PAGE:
These days when you think of high tech overseas, India is usually top of mind. And for most people, the first Indian city associated with high tech is Bangalore. But although Bangalore has historically been the "Silicon Valley" of India, says Rajul Garg, vice president of people and corporate development at GlobalLogic, other regions such as New Delhi, Mumbai, Pune, Hyderabad, and Chennai all have a substantial technology workforce.
Hyderabad is always looking for strong .Net skills because Microsoft is there and you will find a ready market for .Net skills. The city of Noiter is big for telecommunications skills.
Foreigners, especially Americans, are attractive to Indian companies because they have great language skills and a greater sensitivity to the client point of view, otherwise known as customer service skills. In addition, Garg says, they have the domain skills India needs. If, for example, a company wants to build a health club, a local programmer may not have the kind of experience to understand the business requirements of that type of enterprise.
Other skills that are a real plus at the moment are knowledge of Ruby, mobile technology, and streaming media.
Salaries range from $5,000 a year to $100,000 a year, a range much wider than Americans are used to. India has a paucity of specialized and experienced technicians and managers with domain-level experience under their belt. Thus, they command high salaries, comparable to U.S. levels.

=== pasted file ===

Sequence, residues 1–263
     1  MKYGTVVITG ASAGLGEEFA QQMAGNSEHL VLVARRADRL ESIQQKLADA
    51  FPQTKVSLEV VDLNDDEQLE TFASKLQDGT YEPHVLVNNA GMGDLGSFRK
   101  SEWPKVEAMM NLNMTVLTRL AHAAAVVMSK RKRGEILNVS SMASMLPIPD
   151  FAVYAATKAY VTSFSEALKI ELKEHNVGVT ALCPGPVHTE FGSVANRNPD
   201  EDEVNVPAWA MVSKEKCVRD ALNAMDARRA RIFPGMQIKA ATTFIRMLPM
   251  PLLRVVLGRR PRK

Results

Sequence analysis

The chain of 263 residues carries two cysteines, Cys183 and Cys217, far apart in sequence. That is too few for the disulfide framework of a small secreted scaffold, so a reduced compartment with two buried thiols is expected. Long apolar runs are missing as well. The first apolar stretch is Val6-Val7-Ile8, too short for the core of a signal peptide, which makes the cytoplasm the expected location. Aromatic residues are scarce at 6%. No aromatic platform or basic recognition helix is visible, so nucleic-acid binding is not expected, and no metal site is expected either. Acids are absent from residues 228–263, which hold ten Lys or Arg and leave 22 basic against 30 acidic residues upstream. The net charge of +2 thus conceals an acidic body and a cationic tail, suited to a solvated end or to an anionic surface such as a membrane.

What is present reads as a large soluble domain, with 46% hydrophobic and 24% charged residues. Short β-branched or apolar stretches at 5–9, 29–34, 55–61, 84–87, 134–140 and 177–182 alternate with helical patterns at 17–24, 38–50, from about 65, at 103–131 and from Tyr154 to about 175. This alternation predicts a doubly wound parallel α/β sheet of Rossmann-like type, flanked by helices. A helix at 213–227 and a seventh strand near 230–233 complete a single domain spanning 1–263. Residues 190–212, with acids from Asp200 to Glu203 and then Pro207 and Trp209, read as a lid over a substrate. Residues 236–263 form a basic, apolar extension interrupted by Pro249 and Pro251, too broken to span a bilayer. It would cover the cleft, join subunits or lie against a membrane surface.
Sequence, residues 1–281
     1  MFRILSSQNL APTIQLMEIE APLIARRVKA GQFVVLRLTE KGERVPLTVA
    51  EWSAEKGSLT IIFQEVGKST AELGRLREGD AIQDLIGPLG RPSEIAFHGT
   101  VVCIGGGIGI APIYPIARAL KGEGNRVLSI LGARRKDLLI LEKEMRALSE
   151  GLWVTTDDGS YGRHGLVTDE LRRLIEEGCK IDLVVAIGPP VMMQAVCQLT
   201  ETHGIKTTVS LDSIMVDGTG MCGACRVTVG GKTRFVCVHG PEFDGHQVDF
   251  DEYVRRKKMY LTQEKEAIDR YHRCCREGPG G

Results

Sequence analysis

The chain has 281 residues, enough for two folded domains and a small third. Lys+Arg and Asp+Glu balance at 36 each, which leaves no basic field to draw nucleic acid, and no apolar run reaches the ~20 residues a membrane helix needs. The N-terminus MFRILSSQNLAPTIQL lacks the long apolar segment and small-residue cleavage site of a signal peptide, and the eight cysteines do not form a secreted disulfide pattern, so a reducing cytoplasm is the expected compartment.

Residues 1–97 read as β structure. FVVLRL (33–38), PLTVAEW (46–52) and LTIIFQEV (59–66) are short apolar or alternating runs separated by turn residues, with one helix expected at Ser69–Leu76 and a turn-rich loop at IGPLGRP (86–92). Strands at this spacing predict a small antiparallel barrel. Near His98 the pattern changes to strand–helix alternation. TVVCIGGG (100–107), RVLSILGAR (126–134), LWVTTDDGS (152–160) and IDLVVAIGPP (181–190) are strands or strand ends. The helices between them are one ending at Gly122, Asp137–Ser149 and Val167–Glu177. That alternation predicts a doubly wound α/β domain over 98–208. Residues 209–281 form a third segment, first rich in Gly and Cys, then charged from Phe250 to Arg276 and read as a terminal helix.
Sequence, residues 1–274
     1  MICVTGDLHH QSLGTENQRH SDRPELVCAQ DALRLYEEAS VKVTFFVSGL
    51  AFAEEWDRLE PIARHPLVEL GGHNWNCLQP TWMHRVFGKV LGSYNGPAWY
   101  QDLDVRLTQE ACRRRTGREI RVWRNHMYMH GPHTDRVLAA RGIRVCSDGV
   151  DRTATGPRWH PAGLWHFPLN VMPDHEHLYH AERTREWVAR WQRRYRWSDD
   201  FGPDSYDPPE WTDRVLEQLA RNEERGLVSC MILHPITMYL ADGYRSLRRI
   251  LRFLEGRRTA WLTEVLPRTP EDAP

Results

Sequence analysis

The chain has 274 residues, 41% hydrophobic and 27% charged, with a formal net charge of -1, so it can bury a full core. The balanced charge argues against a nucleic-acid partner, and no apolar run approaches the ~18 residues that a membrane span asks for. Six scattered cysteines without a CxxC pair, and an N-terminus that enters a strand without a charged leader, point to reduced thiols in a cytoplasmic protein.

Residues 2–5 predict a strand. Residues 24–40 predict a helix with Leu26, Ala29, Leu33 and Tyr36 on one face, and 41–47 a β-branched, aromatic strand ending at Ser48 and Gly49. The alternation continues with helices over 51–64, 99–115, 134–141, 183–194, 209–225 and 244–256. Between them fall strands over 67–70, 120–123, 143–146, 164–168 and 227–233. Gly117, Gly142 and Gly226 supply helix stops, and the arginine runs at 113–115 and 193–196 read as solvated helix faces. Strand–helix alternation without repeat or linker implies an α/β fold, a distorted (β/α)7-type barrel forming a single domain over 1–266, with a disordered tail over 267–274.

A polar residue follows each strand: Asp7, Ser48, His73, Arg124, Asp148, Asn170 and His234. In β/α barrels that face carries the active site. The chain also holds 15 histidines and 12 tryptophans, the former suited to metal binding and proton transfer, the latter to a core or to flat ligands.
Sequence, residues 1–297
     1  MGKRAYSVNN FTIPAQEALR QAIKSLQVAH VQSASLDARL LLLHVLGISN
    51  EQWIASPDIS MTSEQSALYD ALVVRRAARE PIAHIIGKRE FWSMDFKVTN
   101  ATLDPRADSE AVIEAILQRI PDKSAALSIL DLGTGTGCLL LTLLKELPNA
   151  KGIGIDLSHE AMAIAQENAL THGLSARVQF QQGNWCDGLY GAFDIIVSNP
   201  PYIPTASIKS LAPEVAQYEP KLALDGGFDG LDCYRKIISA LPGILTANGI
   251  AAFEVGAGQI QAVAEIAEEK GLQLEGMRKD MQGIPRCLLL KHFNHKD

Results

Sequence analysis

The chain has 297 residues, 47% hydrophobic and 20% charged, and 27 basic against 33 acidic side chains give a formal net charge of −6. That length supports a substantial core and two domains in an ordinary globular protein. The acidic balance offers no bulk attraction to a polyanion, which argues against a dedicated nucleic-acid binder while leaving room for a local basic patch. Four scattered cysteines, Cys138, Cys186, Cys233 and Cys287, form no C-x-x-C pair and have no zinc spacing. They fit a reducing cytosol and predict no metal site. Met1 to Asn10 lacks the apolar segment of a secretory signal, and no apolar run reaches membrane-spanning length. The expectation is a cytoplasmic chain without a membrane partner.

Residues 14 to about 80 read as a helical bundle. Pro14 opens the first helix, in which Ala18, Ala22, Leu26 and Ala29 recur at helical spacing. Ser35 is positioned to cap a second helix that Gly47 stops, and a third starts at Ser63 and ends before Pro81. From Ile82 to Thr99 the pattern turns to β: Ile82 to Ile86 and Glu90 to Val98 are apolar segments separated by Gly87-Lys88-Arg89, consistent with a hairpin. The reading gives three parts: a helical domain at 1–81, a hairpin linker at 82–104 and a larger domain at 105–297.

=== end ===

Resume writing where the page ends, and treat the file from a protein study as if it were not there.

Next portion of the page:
The cost of living varies widely as well, although one can get by cheaply if needed. New Delhi is one of the most expensive cities in India along with Mumbai and Bangalore, Garg says. "The beauty of going to India is you can live like a millionaire. You can have a chauffeur, a cook, a nanny for each kid, and do all of that just as a programmer," he notes.
Americans also benefit from India's colonial past: "In a country as diverse as India, speaking English is the only way a northerner can talk to somebody in the south," Garg says.
There's a range of ways to get into India, from coming into the country with a backpack and a tourist visa to signing up with one of the big consultancies like Tata, which has a policy to regularly send its U.S. employee to India and other countries so they get a better understanding of different cultures and markets. A work permit is required, although getting one is trivial. "If you were to show up on a tourist visa and say you are looking for a job we would fix the rest," Garg says.